Mourning Gecko Care Sheet, Lepidodactylus lugubris
The Mourning Gecko is one of the fascinating gecko species in the hobby today. There is no need for a male to reproduce as this gecko is parthenogenetic. Not only is this nocturnal species active during the day but very communal, exchanging body language and even establishing a hierarchy of sorts. Lepidodactylus lugubris is well adapted to varying environments being endemic to the Pacific region and introduced to the Hawaiian Islands, Cocos Islands, Queensland Australia as well as Central and South America.
The mourning gecko cage should be vertically orientated rather than horizontal since this is an arboreal species. The larger the cage, the more geckos you can house and since this is a communal species you will want six individual geckos at the least for the most activity. The cage should be furnished with as many removable plants, leaves, and branches as possible. Bamboo is highly recommended for the enclosure since it can easily be removed, trimmed and replaced. We use an arboreal feeding ledge to offer both food and water which makes routine chores an easy task!
Temperature, Humidity & Lighting
Mourning Geckos should be kept at temperatures between 70 °F and 80 °F. The warmer the temperature the more active this species will become. This species is endemic to tropical regions with moderate to high humidity. We recommend 60% as the minimum and no more than 80%. Allow the cage to dry out for a period during the day to prevent bacteria build up. Lighting the mourning gecko cage will help with seasonal change, social interaction, and visual appeal.
Diet & Nutrition
Mourning gecko food is primarily insects, fruit, and nectar with no desire for green leafy vegetation as this species are more frugivorous than omnivorous. We offer a balanced diet around Crested Gecko Diet.
Meal Replacement Powder Crested Gecko Diet by Repashy Superfoods is the most advanced reptile food available with human grade ingredients that are balanced to make this a complete diet. We offer both Crested Gecko Diet and Day Gecko Diet 3 times a week.
Live Feeders We feed 1/4" crickets, roach nymphs, and Phoenix Worms as live feeders every evening that the Meal Replacement Powder is not offered. All our insects eat left over Crested Gecko Diet which makes for great gut loading. We also dust all insects except for phoenix worms with a Calcium powder that has Vitamin D3 using the shake and bake method.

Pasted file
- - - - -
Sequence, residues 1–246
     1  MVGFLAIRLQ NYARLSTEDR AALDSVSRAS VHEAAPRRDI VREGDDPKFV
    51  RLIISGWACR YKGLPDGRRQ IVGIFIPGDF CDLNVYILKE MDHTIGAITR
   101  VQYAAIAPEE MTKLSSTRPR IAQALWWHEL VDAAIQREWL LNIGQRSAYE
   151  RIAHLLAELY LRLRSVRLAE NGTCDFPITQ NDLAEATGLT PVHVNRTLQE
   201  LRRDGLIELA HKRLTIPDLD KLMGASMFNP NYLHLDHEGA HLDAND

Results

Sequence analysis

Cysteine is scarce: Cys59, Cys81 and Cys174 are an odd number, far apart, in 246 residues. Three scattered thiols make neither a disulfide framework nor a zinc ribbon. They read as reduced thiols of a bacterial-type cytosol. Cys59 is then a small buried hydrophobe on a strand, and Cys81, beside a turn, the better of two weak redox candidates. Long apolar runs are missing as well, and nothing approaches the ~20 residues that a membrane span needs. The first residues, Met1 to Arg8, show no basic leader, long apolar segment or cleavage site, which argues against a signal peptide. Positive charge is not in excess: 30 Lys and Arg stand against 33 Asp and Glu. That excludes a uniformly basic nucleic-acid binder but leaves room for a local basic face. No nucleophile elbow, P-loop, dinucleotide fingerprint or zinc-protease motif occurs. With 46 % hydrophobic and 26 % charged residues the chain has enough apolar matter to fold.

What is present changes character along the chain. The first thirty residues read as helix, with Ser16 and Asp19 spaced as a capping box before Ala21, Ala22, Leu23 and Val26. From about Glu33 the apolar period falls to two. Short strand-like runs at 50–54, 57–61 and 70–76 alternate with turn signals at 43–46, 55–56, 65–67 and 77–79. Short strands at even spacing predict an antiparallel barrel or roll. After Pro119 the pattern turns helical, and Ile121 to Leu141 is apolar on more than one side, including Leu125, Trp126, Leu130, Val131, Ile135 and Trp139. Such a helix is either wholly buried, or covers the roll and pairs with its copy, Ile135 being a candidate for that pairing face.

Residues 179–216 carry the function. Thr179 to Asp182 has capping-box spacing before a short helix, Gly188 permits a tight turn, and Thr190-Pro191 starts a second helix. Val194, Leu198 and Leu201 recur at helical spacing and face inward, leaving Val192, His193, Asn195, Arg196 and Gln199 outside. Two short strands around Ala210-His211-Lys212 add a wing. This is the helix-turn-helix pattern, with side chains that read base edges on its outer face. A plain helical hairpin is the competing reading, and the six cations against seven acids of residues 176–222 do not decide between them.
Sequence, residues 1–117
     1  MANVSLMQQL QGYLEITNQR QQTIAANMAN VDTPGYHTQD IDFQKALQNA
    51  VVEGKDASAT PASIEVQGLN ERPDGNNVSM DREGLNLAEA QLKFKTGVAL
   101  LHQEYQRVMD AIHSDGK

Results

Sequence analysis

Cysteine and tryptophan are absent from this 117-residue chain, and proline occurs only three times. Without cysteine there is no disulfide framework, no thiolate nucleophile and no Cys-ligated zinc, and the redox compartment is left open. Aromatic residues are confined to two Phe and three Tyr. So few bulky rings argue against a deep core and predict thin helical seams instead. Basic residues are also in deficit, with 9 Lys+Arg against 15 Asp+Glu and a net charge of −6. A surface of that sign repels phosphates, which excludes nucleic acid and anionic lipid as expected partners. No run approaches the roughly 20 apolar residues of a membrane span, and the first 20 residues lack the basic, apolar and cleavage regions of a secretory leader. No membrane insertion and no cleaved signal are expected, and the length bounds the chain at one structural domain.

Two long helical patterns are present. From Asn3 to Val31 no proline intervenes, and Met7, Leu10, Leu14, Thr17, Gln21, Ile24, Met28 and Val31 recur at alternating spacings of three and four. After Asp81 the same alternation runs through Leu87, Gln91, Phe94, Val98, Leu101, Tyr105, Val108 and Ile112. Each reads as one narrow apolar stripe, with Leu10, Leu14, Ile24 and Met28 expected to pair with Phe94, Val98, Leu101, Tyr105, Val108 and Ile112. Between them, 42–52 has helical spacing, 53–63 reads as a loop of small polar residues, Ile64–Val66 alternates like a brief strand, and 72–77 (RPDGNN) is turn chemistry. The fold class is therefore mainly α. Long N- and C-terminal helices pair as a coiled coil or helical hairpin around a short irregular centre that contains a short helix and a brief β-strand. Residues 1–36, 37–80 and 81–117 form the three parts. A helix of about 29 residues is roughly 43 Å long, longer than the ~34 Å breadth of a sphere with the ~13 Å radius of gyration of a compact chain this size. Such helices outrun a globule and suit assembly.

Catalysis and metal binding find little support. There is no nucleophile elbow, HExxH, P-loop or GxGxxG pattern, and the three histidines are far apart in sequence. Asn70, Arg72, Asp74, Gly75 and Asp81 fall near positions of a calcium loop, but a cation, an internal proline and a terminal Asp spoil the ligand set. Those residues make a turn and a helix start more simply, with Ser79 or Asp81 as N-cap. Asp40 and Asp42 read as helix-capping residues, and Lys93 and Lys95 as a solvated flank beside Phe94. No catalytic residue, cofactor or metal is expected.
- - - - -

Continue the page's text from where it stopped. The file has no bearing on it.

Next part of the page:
Weekly Feeding Routine On a consistent routine your geckos will be familiarized with the food and the feeding routine. We like to feed all our fruit eating geckos four times a week. We offer fresh Crested Gecko Diet two times a week; Monday and Friday. We allow the diet to remain in the enclosure for two nights and remove the uneaten portion when we offer live feeders.
Handling and Taming
We do not recommend handling Mourning Geckos. This species is very fast and can grip almost all surfaces and fit itself into small crevices making a missing gecko impossible to catch or find. The skin is also very tender and with rough handling can break and tear as one of their defense mechanisms.
Colonies are primarily all female due to their parthenogenetic nature.
Sexual maturity is reached within 8 to 10 months with egg development and laying around this time. Two eggs are produced with only one on occasion. This species is also cannibalistic to both eggs and hatchlings. Always have live feeders available in the cage every evening to prevent cannibalism.
Eggs are glued in place on vertical walls and decor. These eggs are difficult to remove without breaking or cracking the egg. We recommend the same method used for Phelsuma eggs with a ventilated 2oz cup taped over the egg to prevent the hatchling from escaping or being eaten and incubate in place. The total incubation time of the egg is 60 days with temperatures in the low 70 °F.
Hatchlings should be removed from the adult cage as soon as first noticed. Keep hatchlings with like sized Mourning Geckos and ensure that the cage is escape proof. We offer more CGD to the younger geckos than we do live feeders to adults. This species is very easy to raise. Fun Facts
- This communal gecko will cycle and lay eggs around the same time
- Snout to Vent Length varies between types.
- The call produced by this species is a high pitched chirp and made five to ten times in sequence.